What would a real war look like if scientists were to fight back? Science needs powerful allies that do have the power to support science and to effect changes in policy and funding. Science must reach out to create allies by proactively developing public discourse that enlightens and enlivens without creating impossibly polarized positions. It is not enough to speak only with students, granting agencies, and university administration. Science may not be the arbiter of social justice, moral values, economic ideals, or spiritual values, but as scientists we can provide solid factual information and informed predictions based on logic and evidence. We can provide realistic risk assessments and “what if” scenarios. We can personally contribute at all levels and in all aspects of decision-making. To do that, we must bring the public into a two-way, even personal conversation about our activities, our hopes, fears, results and their implications. We can ally with science museums, and offer science education on a popular basis to the broad general public from a foundation of research, professional-level interpretation, exhibits, and outreach programs.

Some, but not many scientists are both active and effective with the public. Each time one of us interacts with news media, science has an opportunity to gain allies. But academia has not recognized we should be at war. Instead, the very structure of academia discourages public interactions. Academia rewards formal teaching, refereed technical papers, and internal committee work for hiring, promotion, and tenure. Time spent on outreach subtracts from a professor’s ability to move through the ranks. In fact, academic staff who attempt to reach out to the public are often pilloried by their colleagues, accused of losing touch with real research, or of misrepresenting the principles of science by over-simplifying. If science is to defend itself, it must dramatically restructure to effectively reward those who can and do develop alliances with broad interested and supportive publics.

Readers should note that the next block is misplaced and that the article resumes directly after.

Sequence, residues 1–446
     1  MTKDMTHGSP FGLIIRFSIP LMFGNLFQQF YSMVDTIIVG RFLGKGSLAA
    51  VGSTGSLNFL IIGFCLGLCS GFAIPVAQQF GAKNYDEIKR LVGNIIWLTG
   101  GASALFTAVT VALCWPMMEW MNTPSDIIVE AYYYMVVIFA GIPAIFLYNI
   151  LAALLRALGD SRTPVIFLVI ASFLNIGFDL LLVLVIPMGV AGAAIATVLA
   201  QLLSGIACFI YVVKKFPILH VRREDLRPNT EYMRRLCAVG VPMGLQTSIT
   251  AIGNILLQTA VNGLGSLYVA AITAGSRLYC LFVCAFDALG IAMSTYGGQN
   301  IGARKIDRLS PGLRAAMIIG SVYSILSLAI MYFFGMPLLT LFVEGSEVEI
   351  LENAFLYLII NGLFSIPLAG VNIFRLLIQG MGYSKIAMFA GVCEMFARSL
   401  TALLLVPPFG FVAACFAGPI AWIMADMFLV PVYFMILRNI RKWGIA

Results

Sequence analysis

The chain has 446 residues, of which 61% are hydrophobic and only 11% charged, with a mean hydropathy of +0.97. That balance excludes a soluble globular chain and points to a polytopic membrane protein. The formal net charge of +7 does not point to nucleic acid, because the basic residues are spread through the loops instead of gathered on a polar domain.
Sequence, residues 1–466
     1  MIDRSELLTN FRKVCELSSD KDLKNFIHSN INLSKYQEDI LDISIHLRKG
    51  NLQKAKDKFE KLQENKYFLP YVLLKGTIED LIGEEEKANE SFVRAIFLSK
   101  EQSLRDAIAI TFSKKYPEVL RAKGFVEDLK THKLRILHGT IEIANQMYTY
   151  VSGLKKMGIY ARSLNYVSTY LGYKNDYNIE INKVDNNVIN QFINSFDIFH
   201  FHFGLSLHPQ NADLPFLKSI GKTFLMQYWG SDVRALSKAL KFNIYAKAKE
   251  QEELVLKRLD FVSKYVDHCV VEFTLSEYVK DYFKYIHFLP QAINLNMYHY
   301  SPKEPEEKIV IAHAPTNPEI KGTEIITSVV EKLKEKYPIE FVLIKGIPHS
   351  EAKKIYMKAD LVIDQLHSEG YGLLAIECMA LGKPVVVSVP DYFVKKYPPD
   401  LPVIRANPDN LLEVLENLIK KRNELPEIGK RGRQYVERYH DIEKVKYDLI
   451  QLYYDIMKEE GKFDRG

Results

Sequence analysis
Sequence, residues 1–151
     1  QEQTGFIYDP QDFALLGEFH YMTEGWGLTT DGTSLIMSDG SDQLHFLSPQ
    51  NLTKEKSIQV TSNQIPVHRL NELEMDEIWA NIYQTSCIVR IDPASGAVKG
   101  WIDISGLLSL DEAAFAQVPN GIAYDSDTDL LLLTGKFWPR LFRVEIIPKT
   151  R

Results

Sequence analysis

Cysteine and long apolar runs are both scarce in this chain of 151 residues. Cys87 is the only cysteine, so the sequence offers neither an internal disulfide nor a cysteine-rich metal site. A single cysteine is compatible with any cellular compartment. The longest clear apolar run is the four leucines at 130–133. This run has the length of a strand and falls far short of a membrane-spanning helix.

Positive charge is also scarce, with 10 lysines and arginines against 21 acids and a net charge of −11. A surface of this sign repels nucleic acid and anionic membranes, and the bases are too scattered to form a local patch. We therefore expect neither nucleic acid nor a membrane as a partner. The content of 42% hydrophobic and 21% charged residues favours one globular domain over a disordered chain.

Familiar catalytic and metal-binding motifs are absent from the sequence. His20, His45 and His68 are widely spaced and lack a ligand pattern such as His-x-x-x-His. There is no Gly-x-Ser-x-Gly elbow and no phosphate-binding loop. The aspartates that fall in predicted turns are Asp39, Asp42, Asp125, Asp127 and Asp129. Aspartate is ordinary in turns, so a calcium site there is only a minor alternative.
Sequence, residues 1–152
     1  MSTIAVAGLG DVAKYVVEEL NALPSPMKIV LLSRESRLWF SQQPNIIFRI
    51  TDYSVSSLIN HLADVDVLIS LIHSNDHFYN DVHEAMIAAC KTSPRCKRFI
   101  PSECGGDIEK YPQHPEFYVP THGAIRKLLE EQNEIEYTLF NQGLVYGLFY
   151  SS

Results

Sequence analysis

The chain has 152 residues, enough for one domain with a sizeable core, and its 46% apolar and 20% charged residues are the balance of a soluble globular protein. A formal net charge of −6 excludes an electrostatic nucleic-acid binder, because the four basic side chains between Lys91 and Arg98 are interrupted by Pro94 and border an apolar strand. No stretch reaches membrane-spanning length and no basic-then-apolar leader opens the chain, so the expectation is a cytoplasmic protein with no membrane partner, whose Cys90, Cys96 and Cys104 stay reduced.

Fortunately there is a not-so-impossible mechanism to restructure our reward system so that we can effectively fight back. Those folks who sit on hiring committees, judge grant proposals, decree promotion and tenure – they’re not bureaucrats, they are all academics! We can decide that science outreach is vitally important and must become a part of the criteria for hiring, promotion, and granting tenure. 

As Pogo wisely told us, “We have seen the enemy and he is us.” 

Alan Emery is an emeritus member of the University of Toronto Sigma Xi Chapter. He lives in Ontario, Canada. 

Attribution for photo of Canadian flag: By Tony Webster from Portland, Oregon, United States (Canadian Flag) [CC BY 2.0 (], via Wikimedia Commons